GUEST BLOG [In]Securities: Missing a Crowded Table By Aegis Frumento Esq

November 25, 2020


Missing a Crowded Table

The old joke goes that you bang your head against a wall because it feels so good when you stop. This Thanksgiving has that feel to it.

It's not that we don't have much to be thankful for. We surely do. But they all seem to come with asterisks. It's awesome that there are now three highly effective vaccines against the coronavirus in production. But we shouldn't have been so hard-hit by the pandemic to begin with. And maybe it's great that the stock market just hit a new high, but all that does is prove yet again that what is down must go up -- until it comes down again. Anyway, I told you the market would shrug off the pandemic, especially given the prospect of a Biden presidency, months ago. See

And speaking of Biden, Michigan and Pennsylvania both certified their electors for him, prompting the GSA to "ascertain" that he is the "apparent winner"; which the rest of us knew when people started dancing in the streets. The President-elect is putting together a team of competent and experienced professionals instead of partisan hacks. Imagine that! Meanwhile, President Trump pardoned a turkey. A real turkey. And not even himself. And who in hell ordered him up anyway??

So let's curb our enthusiasm, lest we fall into the trap of being grateful simply that fire, hurricane, plague, and predation are for the moment tormenting someone besides ourselves.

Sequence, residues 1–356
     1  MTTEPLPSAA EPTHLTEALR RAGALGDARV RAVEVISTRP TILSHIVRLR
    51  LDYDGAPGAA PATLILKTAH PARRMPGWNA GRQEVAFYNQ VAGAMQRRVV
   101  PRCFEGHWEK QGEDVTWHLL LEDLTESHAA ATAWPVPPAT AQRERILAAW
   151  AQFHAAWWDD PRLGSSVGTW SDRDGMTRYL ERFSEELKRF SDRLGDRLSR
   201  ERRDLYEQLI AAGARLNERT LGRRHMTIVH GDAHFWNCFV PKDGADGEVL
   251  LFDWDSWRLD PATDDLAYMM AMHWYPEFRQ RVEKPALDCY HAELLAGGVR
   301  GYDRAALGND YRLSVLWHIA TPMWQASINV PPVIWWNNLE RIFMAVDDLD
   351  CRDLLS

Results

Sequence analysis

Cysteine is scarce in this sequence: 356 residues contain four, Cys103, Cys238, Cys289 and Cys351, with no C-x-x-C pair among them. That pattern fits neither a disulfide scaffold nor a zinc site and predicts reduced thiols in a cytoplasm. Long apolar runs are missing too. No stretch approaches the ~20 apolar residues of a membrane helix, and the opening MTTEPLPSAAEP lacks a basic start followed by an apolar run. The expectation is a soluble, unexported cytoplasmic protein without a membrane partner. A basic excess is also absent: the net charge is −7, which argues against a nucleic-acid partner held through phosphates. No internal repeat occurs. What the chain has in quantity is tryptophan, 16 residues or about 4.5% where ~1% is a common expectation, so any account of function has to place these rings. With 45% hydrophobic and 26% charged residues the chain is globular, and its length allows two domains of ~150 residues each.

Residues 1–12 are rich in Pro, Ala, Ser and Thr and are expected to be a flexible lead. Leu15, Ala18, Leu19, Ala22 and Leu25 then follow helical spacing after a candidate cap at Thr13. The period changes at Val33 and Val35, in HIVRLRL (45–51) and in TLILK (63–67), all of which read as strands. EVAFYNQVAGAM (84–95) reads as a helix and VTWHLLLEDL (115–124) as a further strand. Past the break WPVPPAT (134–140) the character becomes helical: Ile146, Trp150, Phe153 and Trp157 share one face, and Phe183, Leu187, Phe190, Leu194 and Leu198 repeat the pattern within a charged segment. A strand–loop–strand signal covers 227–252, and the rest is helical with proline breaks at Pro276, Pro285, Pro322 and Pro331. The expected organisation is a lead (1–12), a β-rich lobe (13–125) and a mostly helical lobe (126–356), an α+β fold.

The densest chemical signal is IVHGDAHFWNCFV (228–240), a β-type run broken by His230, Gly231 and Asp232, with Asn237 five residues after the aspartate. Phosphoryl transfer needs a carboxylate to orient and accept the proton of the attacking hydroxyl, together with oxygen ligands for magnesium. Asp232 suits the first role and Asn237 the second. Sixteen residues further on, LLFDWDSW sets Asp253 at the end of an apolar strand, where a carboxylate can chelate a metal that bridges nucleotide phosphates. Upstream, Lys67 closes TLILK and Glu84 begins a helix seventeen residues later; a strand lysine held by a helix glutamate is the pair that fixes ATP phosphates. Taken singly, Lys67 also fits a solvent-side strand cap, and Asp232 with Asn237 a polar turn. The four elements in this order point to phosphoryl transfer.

Speaking of plague, one can't talk of Thanksgiving without mentioning that it is likely to be the mother of all superspreaders. Coronavirus cases are now burning through most of the country, as they were in New York last Spring. In Montana, for example, they only have 165 ICU beds, of which 66 are occupied by non-COVID patients. They say that, "Of the 99 ICU beds remaining, we estimate 133 are needed by COVID cases." Yeah, I remember doing that kind of math.

You could say, let's be grateful it's not worse. Trouble is, it's hard to imagine it being worse. The national messaging around infection prevention has been horrid. It started out with the implied message that mask-wearing was for self-defense. That made it easy to reject by those "independent-minded" folks -- I think the proper term now recognized by the OED is "covidiots" -- content to take their chances rather than be seen as sissies. Later, the message became that wearing a mask protected your vulnerable loved ones, like your grandparents. That let those without grandparents off the hook. And so, most of the country became mask-optional, and here we are.

Neither of those explanations is right. The community spread of an infection is a random occurrence, as is the impact of the infection on any given person. The best analogy is to a combat zone. You send troops into combat knowing some will die, but not who. A good commander does what she can to lower the expected casualty rates, bettering the survival odds for all. Mask-wearing is simply a tactic to lower the overall casualty rate, not to save any particular person.

We shouldn't be surprised, then, to hear of people who wore a mask and still got sick, and of those without masks who (so far) didn't, of 100-year-olds who caught the virus and survived, and of healthy teenagers who died in their place. That's what a random environment is like; the enemy bullet whistles past your ear to kill your best friend, and there's no rhyme or reason to it. The best you can do is better the overall survival odds for everyone. If you're a soldier, wear your helmet, keep your rifle clean and stay in formation. In a pandemic, wear a mask and avoid crowds. It's all about manipulating the odds but none of the mask-wearing messages say that.